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ParamEtEr Annual energy supply

EValUatION mEtHOd aNd CrItErIa The annual energy supply from renewable energy and CO2-free energy sources shall be calculated and divided into the different sources (PV, Wind, Heat pumps, Solar Thermal, Biomass, etc). The renewable energy sources can either be used on the building, the site, in a nearby energy system or electricity grid. The energy supply can be a mix of the above and follow the classifications below: 1: 100% of the energy is produced on the plot 2: more than 50% of the energy is produced on the plot 3: more than 25% of the energy is produced on the plot 4: less than 25% of the energy is produced on the plot

Origin of energy supply

Quantitative

Sources of renewable energy

The definition of renewable energy sources follows the EU Directive on the promotion of the use of energy from renewable sources (2009/28/ EC of 23 April 2009). Requirement to performance of the individual renewable source shall follow the national requirement in building legislation. As an alternative to national requirements the requirement in the EU Directive on the promotion of the use of energy from renewable sources (2009/28/EC of 23 April 2009) can be used. How have you worked with integration of renewable energy as a part of the building design and typology on the building and the plot? Has the energy supply been evaluated from a cost perspective and how was the decision about the origin of the energy supply taken?

Performance of renewable energy system

Design Qualitative

Origin of energy supply

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2.4 Energy validation

2.4 ENErgy ValIdatION During constructions an on site surveys should be established to secure that the building is build according to the specification and calculation. It is crucial to establish a method to calculate the annual energy use and the annual energy supply in an Active House. In an Active House it is important to establish a monitoring and commission period. This is in order to ensure that the energy used is used as expected. Information about the annual energy performance shall be made available for the house owner.

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ParamEtEr Specification of figures

EValUatION mEtHOd aNd CrItErIa The calculation of the annual demand shall specify the energy demand for the individual areas, as specified in section 1.2: space heating, water heating, ventilation, cooling and airconditioning, electricity for technical equipment, electricity for lighting and electricity for appliances The annual energy performance evaluation shall specify the supply from: individual renewable energy sources integrated into the building energy supply from local energy system and the share of renewable energy as well as the CO2 emissions from the local energy system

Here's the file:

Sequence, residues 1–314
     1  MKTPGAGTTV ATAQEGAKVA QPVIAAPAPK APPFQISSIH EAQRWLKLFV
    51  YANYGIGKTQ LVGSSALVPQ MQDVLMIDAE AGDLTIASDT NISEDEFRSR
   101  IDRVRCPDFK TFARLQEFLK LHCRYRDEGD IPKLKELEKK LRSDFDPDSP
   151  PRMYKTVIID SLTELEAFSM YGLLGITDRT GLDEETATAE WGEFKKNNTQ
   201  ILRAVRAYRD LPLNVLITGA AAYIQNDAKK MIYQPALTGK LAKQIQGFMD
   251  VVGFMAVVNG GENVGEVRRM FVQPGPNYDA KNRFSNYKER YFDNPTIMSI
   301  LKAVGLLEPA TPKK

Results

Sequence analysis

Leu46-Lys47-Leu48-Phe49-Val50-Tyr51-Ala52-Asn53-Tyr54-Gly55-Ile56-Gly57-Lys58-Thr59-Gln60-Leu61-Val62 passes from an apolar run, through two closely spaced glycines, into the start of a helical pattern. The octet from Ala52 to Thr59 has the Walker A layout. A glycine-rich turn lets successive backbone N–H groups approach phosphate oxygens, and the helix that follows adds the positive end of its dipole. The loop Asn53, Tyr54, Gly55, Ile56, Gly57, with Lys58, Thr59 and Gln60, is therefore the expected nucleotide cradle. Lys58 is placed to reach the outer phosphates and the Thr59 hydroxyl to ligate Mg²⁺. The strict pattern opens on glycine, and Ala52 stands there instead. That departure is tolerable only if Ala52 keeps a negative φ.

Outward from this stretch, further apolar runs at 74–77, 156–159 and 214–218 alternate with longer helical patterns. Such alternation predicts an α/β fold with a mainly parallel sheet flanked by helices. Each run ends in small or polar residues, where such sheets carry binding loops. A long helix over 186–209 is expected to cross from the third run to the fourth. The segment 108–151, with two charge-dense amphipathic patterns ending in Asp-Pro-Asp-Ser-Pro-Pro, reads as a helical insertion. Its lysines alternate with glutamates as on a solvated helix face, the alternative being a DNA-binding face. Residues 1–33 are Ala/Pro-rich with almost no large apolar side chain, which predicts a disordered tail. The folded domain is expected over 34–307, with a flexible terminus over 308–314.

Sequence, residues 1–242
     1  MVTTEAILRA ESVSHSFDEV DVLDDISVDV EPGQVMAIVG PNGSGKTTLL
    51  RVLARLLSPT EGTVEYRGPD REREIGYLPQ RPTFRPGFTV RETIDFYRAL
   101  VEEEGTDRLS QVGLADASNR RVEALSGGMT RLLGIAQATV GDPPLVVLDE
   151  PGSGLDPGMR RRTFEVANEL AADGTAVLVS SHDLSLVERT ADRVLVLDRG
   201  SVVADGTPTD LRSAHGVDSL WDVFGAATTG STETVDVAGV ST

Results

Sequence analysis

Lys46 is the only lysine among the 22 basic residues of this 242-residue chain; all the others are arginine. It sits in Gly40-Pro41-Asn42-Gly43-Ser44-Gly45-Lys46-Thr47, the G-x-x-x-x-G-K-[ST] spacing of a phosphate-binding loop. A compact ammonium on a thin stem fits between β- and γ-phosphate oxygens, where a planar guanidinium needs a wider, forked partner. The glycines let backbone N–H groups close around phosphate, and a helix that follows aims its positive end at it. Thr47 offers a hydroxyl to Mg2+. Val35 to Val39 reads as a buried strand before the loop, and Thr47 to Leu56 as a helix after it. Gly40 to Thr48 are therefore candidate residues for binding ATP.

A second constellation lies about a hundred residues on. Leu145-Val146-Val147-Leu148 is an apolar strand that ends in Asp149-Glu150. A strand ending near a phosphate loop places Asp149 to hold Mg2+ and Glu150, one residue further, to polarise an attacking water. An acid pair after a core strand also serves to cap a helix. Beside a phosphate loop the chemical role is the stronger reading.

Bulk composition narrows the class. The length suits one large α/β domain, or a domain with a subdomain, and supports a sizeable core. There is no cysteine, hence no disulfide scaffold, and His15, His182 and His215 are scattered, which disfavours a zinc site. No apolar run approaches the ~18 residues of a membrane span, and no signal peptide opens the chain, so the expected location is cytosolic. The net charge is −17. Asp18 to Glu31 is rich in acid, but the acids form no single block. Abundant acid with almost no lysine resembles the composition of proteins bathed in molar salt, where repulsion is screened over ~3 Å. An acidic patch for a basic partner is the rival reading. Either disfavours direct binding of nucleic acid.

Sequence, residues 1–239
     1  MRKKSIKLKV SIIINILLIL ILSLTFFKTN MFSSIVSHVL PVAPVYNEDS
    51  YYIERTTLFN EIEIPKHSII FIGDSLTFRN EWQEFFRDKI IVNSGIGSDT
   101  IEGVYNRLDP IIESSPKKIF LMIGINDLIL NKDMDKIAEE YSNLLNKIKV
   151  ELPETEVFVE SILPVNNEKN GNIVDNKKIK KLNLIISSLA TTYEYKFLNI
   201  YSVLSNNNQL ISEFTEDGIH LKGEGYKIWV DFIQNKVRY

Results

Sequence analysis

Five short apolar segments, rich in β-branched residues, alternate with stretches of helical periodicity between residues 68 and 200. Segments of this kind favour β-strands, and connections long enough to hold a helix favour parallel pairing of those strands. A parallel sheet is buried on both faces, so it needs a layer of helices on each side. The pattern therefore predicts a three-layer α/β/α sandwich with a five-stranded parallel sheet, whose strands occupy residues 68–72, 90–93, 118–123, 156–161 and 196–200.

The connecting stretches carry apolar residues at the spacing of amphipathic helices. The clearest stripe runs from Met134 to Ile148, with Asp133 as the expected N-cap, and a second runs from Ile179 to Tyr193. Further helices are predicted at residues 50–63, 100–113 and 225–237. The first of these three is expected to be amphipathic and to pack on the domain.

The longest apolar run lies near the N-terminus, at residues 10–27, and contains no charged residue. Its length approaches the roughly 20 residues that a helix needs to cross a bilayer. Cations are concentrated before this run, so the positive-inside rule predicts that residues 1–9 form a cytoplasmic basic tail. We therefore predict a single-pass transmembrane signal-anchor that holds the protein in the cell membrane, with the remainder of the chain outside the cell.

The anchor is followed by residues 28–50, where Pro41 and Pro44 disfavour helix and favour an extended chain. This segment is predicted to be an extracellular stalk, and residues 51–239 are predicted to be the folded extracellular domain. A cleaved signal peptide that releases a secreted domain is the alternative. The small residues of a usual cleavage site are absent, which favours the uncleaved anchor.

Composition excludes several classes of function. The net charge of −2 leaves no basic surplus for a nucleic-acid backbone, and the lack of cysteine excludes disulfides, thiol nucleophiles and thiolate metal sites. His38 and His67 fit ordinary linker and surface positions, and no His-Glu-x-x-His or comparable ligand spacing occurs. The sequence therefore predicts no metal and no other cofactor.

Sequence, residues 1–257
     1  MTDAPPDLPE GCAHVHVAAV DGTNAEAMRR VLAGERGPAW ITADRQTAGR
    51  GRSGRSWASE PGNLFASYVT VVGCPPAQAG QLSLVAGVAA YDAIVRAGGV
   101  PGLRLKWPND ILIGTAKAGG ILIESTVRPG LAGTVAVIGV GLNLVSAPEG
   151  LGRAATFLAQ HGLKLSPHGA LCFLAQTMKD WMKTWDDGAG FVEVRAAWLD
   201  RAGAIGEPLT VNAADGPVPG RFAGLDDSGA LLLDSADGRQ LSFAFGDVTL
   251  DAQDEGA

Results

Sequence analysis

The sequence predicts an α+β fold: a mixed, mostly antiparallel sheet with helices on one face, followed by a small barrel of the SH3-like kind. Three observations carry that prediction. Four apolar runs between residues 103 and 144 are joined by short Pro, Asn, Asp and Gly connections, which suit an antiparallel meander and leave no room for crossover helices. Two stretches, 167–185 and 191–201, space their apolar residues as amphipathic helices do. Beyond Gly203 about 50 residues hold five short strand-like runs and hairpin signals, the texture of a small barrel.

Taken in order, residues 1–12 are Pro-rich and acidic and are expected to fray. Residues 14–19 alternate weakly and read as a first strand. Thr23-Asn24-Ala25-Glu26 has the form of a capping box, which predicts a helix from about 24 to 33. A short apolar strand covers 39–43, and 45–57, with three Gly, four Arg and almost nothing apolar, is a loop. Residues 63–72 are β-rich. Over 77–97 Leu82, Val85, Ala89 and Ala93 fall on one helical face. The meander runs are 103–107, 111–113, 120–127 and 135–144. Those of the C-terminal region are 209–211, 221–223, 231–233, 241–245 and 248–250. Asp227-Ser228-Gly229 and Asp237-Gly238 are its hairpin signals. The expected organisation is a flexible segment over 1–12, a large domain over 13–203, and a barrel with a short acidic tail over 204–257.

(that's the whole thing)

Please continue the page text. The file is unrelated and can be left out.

Quantitative

On site control

In order to prove that the build energy solutions meet the designed level, an on site control of the used solutions and products must be established by a certified expert. The air permeability of the building and the thermal bridges must be evaluated during the construction phase. The energy used and the energy produced must be monitored on a yearly basis. Metering devices are to be used for all types of energy production/ consumption at the building level.

Monitoring

Quality control

What kinds of quality control of the energy performance have taken place, where and when was it done? How will the commissioning of the building take place and will the commissioning include user behaviour, number of users, heating and ventilation system, control of dynamic solutions and production of renewable energy? If the use of energy is different from the calculated values, what kinds of initiatives are planned to meet the calculated values?

Commissioning

Qualitative

User guidelines

What kinds of initiatives have been taken to secure that the house owner and users of the building have the relevant information about the expected performance of the building and guidance to use and optimize the building? What kinds of initiatives have been taken to secure the users possibilities to control and optimize the use of energy? What kinds of initiatives have been taken to secure the users a possibility to maintain the technical equipment as well as other parts of the building that affect the energy performance?

Energy control

Maintenance

Sources and tools: National calculation methodology, national primary factors and climate data, EU Directive on energy performance of buildings (2010/31/EC of 19 May 2010), EU Directive on the promotion of the use of energy from renewable sources (2009/28/EC of 23 April 2009), national test and evaluation methods, like Blower door test and thermograph photos.